Life in Mission Hill: Allan Kindell


Eileen O'Grady

By Eileen O’Grady

As rain came down outside in torrents, Allan Kindell beckoned bedraggled parishioners into the sanctuary of Our Lady of Perpetual Help, offering them free umbrellas and a magnificent refuge to wait out the storm.

Kindell, 59, has been the caretaker at the Mission Hill basilica for the past 10 years. Greeting people is one of his favorite things about the job.

“The diversity of the people that I meet is astonishing,” he said. Among them, the late Sen. Ted Kennedy, whose funeral was held at the church in 2009.

Kindell, who grew up in Mission Hill, said the neighborhood today is a far cry from the dangerous area it once was.

“It was a complete, utter nightmare at one point. And that’s an understatement,” he said. “But they cleaned it up, little bit by little bit.”

He credits the Boston Police Department for the change, saying the kindness he has experienced from area officers gives him hope for the future.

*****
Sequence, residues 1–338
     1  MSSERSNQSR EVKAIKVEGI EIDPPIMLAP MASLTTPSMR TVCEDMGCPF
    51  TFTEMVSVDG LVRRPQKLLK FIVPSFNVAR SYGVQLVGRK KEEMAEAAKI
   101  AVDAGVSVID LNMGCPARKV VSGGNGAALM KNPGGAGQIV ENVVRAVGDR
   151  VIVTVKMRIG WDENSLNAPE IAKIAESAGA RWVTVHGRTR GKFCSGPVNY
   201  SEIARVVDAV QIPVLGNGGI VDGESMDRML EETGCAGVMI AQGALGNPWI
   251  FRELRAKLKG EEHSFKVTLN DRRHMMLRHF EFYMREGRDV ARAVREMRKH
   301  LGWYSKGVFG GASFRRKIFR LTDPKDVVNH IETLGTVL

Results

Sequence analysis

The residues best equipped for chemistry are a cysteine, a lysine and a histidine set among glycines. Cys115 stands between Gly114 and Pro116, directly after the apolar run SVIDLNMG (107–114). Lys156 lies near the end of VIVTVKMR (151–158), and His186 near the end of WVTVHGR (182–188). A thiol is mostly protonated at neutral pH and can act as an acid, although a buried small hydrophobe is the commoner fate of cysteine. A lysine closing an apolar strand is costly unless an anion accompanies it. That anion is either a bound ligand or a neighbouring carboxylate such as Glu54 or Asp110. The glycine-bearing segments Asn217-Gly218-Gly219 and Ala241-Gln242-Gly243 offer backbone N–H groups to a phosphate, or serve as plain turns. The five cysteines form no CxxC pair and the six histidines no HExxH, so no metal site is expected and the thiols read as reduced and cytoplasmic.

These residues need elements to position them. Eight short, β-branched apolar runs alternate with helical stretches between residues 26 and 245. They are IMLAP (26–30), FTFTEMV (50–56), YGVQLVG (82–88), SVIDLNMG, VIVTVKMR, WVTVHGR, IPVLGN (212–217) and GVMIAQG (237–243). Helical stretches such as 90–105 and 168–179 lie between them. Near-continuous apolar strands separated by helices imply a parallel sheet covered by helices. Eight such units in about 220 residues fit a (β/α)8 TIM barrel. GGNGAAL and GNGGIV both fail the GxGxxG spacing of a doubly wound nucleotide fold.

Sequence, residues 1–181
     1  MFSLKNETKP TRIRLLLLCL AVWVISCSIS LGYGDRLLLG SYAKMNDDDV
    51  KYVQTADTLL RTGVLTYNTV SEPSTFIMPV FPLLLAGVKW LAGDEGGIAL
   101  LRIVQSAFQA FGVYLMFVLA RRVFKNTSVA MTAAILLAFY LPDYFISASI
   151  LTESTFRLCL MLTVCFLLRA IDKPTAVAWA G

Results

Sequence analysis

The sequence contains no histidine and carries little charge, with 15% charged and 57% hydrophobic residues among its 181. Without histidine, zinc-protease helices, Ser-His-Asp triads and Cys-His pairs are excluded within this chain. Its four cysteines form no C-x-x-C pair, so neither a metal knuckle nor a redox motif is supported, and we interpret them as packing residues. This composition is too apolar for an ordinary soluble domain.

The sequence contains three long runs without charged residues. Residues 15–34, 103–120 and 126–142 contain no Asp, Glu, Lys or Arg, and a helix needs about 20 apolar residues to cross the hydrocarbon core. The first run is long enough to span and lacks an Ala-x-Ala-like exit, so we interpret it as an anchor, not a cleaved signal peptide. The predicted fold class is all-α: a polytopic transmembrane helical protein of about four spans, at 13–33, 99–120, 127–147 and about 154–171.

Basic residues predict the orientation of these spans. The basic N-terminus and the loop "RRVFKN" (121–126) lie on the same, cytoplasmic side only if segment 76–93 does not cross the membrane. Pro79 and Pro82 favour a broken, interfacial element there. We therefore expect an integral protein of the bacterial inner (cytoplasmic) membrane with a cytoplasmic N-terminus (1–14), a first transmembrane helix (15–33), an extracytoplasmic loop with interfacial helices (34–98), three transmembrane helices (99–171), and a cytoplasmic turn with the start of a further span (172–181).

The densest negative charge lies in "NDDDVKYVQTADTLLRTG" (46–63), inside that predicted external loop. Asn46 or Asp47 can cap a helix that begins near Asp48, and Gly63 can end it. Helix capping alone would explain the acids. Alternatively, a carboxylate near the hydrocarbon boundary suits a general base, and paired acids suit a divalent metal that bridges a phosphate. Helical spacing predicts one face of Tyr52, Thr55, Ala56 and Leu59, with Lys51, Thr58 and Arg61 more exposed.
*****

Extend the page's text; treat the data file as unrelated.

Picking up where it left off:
“Any time I’m in need, they come to my aid so fast you would never believe it,” Kindell said. “They pull up outside themselves sometimes, just to come in and pray. It’s a sight to see.”

Kindell does a little bit of everything at the basilica, which he calls his “golden egg.” Besides cleaning the floors and making repairs, he sometimes sleeps in the pews to keep watch over bodies the night before a funeral.

Over the past ten years, Kindell has also become a talented flute player. He loves the acoustics the vaulted basilica ceiling provides.

“The harmonics are astronomical.” Kindell said. “All the notes are so sharp. They’re like razor blades dancing.”

Now, Kindell performs hymns at 11 Masses a week.

“To play the flute in this space…” he trailed off, shaking his head. “I’m living, man.”

About this project 

The Scope’s student journalists spoke with community members in Mission Hill. #MissionHill100 is a collection of their stories.